Legend of the Pakistani print media, Minhaj Barna passed away on Friday morning.
The current vibrancy and defiance of Pakistan’s media owes a lot to the past struggles of a few leaders of the journalist community. Prominent among these iconic leaders was the name of Minhaj Barna.
Journalism suffered a great loss when Barna, 85, a veteran journalist, trade union leader and poet, passed away at a private hospital of the federal capital in the small hours of Friday. A patient of duodenum ulcer for long, he had undergone surgery last Friday and was since struggling for his life. He is survived by a daughter, Afshan Sardar, and his youngest brother, politician Meraj Mohammed Khan besides hundreds of friends and admirers.
He was laid to rest at the Racecourse Graveyard in Rawalpindi. A large number of journalists, trade union leaders and political workers attended the funeral to pay their last homage to their iconic leader.
Born in 1925 to a conservative Rohilkhand Pathan family in Ahmadabad, Gujrat, Barna’s family originally belonged to Qaimganj in the Farrukhabad District of Uttar Pradesh.
After his early education in Ahmadabad, Barna moved to Bombay where he worked as a teacher. He then went to Delhi where he worked at the Jamia Millia, and did his graduation from there. He then joined the Communist Party of India (CPI) to fight against British rule.
His youngest brother, Meraj Mohammed Khan came from Karachi on Friday to attend his brother’s burial despite his own failing health. The family settled first in Quetta and then moved to Karachi.
Barna started his career as a journalist after a master’s degree from Karachi University. He worked for Urdu daily Azad, moved to Lahore to work for daily Imroze and later as a correspondent for the Pakistan Times. He had several stints abroad – including as the London correspondent for Associated Press of Pakistan. His last assignment was as a Press Counsellor in New York during Benazir Bhutto’s first stint as prime minister. He also worked for Islamabad-based English language daily, The Muslim, as its bureau chief in Karachi
Barna was elected secretary-general and President of the Pakistan Federal Union of Journalists (PFUJ) in 1969. He was also the founding chairman of the All Pakistan Newspaper Employees Confederation (APNEC).
He also played key role in the historic 10-day nationwide strike spearheaded by his senior comrades, such as Israr Ahmed and K.G. Mustafa, which culminated in the Newspapers Employees Services Condition Act, one of the acts of the 1973 Constitution safeguarding the rights of journalists.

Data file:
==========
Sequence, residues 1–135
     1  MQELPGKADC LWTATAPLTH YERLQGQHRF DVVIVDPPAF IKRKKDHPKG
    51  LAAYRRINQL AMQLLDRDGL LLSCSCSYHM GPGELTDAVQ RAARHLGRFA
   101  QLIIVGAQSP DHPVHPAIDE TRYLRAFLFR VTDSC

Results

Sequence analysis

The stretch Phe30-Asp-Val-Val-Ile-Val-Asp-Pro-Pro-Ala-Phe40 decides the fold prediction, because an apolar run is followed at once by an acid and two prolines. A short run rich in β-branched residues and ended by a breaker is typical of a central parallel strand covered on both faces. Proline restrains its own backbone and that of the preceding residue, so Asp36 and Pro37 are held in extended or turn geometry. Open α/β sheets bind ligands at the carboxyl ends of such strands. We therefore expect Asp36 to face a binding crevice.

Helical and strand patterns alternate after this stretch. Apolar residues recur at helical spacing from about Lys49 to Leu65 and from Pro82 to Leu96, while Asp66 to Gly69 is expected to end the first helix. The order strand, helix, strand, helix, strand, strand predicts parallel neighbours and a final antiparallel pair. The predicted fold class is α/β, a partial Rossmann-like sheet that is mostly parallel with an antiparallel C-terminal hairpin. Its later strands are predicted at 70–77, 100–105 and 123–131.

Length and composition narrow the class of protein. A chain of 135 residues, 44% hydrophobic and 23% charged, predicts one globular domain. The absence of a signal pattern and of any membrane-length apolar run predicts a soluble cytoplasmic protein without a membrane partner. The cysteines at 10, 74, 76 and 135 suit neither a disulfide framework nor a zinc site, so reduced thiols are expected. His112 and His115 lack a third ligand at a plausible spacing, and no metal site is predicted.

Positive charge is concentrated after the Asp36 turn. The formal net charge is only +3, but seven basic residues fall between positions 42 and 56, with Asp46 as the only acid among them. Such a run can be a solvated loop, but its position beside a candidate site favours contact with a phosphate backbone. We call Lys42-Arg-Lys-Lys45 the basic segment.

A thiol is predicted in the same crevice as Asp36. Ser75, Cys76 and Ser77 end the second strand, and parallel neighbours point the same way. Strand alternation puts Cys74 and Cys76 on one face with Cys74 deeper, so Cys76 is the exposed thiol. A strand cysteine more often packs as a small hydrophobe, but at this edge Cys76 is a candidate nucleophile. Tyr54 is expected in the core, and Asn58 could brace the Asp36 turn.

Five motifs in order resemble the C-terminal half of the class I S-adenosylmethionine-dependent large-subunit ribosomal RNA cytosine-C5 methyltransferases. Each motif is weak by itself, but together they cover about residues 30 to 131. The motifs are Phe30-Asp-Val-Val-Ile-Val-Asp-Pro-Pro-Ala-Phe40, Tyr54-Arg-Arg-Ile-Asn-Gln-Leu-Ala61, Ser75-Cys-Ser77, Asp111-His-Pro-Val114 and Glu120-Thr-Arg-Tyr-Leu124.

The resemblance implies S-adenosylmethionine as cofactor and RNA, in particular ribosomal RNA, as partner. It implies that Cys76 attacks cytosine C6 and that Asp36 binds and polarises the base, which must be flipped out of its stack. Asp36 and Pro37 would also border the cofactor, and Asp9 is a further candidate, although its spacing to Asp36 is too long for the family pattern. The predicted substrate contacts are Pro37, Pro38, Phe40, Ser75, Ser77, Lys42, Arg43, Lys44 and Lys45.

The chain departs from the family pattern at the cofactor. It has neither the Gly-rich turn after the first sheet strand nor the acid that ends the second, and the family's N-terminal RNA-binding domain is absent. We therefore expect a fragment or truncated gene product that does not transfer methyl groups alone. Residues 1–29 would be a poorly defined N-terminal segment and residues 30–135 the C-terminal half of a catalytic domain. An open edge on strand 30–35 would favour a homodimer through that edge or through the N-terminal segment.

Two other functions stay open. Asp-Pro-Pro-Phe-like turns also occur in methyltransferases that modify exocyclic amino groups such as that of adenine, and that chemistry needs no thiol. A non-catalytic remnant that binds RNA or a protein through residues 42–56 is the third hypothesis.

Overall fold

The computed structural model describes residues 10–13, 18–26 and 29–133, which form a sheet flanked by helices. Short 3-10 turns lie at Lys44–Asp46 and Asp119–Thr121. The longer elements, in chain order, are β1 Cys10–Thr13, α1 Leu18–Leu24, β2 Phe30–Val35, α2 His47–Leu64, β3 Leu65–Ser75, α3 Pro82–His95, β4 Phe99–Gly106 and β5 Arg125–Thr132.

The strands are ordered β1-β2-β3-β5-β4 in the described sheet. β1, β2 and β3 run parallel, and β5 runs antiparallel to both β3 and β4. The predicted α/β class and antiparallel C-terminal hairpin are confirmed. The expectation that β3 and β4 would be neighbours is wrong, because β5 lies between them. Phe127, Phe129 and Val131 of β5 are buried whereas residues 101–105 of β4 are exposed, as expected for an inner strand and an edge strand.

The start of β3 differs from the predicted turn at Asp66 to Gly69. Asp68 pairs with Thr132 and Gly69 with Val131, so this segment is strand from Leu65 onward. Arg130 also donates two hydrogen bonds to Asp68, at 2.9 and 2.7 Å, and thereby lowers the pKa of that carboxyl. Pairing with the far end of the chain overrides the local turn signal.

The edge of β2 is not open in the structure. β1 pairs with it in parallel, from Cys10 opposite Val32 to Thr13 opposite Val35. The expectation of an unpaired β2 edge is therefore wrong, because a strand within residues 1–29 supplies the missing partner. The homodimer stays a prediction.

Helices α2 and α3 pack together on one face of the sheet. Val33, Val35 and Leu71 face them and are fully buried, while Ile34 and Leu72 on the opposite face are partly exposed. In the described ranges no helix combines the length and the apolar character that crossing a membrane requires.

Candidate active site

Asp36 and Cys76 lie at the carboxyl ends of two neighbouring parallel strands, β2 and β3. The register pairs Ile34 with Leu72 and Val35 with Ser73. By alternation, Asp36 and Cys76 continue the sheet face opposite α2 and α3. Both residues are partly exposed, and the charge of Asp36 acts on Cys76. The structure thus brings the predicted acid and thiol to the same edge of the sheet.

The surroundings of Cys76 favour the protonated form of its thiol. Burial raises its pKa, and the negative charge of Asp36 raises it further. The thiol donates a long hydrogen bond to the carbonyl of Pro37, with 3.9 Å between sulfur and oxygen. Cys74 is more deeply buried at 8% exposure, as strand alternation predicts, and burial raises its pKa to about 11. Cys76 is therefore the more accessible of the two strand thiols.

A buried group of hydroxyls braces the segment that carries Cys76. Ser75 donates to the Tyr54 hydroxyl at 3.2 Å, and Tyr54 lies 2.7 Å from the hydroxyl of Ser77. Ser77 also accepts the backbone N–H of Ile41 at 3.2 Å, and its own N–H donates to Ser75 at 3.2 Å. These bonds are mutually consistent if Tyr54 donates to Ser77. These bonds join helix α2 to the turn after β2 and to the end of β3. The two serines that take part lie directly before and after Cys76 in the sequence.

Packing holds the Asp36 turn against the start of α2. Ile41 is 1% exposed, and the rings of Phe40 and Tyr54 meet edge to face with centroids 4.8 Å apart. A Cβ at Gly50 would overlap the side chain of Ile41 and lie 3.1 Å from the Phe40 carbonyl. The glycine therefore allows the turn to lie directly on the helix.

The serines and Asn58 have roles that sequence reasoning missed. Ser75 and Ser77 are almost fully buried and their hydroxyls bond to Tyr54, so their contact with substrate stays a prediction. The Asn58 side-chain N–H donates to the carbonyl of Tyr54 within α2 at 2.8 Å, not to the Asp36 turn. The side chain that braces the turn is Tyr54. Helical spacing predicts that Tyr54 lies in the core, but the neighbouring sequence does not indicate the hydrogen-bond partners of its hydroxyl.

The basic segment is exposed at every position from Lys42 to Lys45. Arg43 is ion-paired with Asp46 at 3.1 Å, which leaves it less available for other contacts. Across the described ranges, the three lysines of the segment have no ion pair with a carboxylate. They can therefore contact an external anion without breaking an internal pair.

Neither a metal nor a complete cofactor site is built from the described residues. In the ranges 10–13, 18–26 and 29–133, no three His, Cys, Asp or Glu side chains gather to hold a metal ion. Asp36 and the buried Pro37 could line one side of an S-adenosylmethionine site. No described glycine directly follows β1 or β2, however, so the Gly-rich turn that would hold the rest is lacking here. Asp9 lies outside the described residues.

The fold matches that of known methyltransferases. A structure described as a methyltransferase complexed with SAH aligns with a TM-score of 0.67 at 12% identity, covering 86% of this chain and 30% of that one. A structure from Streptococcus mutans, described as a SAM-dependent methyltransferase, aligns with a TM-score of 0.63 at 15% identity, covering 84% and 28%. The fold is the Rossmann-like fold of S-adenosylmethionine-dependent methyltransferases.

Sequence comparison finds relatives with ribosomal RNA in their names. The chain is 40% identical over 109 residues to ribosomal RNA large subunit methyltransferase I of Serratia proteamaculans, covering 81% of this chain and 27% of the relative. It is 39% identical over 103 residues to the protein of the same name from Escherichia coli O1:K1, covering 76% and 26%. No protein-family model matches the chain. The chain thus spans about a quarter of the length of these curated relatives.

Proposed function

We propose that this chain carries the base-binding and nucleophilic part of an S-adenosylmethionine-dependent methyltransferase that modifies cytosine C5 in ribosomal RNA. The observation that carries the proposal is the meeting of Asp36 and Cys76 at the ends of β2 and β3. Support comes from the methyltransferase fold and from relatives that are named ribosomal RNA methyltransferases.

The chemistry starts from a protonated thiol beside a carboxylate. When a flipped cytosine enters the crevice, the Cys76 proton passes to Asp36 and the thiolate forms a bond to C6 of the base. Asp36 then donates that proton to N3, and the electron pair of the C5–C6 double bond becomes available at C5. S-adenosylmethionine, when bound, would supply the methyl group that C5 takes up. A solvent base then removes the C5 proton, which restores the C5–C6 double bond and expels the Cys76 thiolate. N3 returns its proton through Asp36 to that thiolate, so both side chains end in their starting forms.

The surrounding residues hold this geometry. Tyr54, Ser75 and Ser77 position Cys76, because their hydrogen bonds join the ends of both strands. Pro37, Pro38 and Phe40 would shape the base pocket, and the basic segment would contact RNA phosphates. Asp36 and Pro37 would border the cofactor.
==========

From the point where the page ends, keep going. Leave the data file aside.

His progressive leaning kept the PFUJ in constant conflict with the establishment, in particular when he was its general secretary and later president. It was around that period when he went on the longest hunger strike that any leader of any party or group had ever observed. It caused his health grievous harm.
Barna was a man of commitment and action who remained true to his cause to the very end of his life. “Years of struggle and protracted illness had not blurred his vision. It was a moving experience when I last heard him at a function of SAFMA not so many months ago,” said columnist Mushir Anwar.
“Quite a few Rohilkhand Pathans of Qaimganj achieved distinction as accomplished wielders of both the sword and the pen. Some of them may have abandoned soldiery for academics but they never gave up fighting. Foremost among them in the modern period stands Dr Zakir Hussain, the builder of the Jamia Millia, Delhi, one of the greatest Muslim achievements in the subcontinent, where Minhaj Barna spent some of his formative years. Nobody should therefore be surprised to see a book of verse by a man who for long years was identified as the battleship of Pakistan’s journalist community.” This is how eminent journalist I.A Rehman put it while reviewing his poetic collection in Books & Authors magazine of Dawn.
“The level of respect PFUJ and APNEC earned in late seventies till early nineties was because of the sheer dedication, commitment and remarkable leadership of Barna sahib and Nisar Usmani sahib, which would never be regained,” remarked senior journalist M. Ziauddin.
During General Ziaul Haq’s dictatorship, remembered for its oppression and flogging of journalists, Barna led a historic resistance by the media.
He also contributed poetry as a chronicle of the various phases of democratic struggle.
Published in The Express Tribune, January 15th, 2011.